Despite a flurry of aggressive Pentium II-based introductions from all of the top PC makers yesterday, Digital was silent. The computer giant was not among the 40 domestic manufacturers who announced a broad array of new systems using three new Pentium II chips from Intel.
This is a sign, among other recent indications, that the days of the company's desktop PCs may be numbered, industry analysts say.
"They were conspicuously absent yesterday," said Kevin Hause, an analyst from IDC.
The dynamics of the looming merger with Compaq Computer are contributing to the retreat from desktops. As the largest PC manufacturer in the world, Compaq already features one of the strongest desktop PC lines on the market. To make matters worse for Digital, Compaq has produced more computers than it can sell at the moment.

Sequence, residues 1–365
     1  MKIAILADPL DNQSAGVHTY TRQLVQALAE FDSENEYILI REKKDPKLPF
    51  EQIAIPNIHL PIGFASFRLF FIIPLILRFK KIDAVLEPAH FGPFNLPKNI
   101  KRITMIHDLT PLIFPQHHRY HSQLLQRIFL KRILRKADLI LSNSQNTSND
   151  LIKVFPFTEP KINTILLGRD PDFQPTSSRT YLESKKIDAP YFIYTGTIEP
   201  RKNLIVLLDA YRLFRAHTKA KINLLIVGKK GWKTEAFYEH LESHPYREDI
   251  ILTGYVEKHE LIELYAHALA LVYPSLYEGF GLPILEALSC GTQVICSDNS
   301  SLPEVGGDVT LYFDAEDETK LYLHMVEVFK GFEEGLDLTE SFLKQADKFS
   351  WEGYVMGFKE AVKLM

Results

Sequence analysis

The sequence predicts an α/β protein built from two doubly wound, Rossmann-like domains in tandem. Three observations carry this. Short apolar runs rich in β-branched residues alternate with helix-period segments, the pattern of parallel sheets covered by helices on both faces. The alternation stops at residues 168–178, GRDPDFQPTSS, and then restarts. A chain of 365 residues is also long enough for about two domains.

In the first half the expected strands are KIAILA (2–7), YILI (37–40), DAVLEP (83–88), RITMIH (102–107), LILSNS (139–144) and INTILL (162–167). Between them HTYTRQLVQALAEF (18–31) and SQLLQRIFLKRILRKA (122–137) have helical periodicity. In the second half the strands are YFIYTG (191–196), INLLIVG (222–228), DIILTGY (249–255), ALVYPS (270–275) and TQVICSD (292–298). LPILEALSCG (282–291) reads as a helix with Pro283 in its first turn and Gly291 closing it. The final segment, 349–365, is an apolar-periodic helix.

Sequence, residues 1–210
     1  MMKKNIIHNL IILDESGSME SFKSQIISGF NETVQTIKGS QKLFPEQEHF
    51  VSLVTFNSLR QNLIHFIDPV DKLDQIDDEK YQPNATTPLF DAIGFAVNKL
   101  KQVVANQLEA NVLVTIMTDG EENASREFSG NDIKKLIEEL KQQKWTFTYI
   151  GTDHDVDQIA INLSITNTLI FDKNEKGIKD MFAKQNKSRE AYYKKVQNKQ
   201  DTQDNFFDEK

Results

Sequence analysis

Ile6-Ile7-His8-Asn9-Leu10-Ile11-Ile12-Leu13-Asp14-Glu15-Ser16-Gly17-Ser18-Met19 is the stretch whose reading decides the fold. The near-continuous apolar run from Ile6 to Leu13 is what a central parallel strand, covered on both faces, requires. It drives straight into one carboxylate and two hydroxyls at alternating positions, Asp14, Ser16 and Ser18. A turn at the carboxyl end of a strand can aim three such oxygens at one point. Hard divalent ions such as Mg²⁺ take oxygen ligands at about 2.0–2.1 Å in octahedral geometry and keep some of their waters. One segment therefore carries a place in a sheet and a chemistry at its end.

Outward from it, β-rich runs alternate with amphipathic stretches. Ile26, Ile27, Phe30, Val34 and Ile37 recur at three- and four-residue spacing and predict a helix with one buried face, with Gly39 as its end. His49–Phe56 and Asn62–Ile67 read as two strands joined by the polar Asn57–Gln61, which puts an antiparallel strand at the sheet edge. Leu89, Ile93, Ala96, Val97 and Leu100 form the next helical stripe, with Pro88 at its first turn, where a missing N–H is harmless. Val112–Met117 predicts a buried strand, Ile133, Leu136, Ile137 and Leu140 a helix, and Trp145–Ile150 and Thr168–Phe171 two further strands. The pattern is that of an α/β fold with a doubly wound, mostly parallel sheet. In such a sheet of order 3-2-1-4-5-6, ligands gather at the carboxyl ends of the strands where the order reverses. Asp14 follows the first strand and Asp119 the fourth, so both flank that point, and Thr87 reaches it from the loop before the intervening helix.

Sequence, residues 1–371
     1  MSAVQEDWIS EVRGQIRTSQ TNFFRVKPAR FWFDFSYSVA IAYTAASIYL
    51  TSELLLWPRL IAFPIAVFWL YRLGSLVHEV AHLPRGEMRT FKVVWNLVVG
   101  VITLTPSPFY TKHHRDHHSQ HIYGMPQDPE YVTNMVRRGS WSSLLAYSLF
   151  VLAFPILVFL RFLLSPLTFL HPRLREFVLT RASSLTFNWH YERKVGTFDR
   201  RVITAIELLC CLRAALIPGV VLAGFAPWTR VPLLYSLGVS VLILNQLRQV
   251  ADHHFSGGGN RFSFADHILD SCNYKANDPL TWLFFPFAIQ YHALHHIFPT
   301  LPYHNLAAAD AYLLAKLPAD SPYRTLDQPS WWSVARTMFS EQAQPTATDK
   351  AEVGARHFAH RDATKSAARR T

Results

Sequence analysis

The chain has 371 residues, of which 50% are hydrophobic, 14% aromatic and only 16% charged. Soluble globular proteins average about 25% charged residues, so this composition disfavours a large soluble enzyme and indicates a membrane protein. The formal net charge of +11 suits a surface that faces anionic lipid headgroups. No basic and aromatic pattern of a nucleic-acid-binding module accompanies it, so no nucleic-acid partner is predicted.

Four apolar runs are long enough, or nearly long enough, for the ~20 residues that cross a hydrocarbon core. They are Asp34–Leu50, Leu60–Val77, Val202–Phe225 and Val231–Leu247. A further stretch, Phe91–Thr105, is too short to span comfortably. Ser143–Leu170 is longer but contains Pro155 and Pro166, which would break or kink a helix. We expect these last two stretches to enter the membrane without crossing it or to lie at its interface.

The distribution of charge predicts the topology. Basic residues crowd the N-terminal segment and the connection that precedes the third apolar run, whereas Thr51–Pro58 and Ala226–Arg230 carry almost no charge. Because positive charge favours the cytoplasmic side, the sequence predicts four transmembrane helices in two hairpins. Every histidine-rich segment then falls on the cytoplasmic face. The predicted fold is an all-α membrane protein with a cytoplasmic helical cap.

"Compaq's got plenty of PCs," said Roger Kay, another IDC analyst, in reference to Compaq's bloated inventory levels. "They don't need anymore."
Digital denies that it is phasing out its PC line and says it will announce new Pentium II systems as soon as they are released.
"They haven't completely rolled over yet," Hause admitted. "Until everything with the merger is official, they're not going to change any business practices."
But Digital's desktop line is widely expected to fade quickly after the merger is done. Kay predicts that the PCs will be finished within a year of Federal Trade Commission approval of the deal.
In the meantime, Digital systems are going at bargain-basement prices on Web auction sites, even through Digital's own direct-purchase service. The low-end 3010 system, with a 166-MHz AMD K6 processor, 16MB of memory, and a 1.2GB hard drive is offered on Digital's site for $711.
The bargains are still better elsewhere. At Web Auction, a Digital Celebris FX 5200 with 200-MHz Pentium processor, 16MB of memory, 1.2GB hard drive, and a Ethernet controller chip was recently sold for $611. The estimated retail price of the Celebris FX 5200 is $1,399, according to Web Auction.
"Treading water would be the way to describe it," Kay concluded.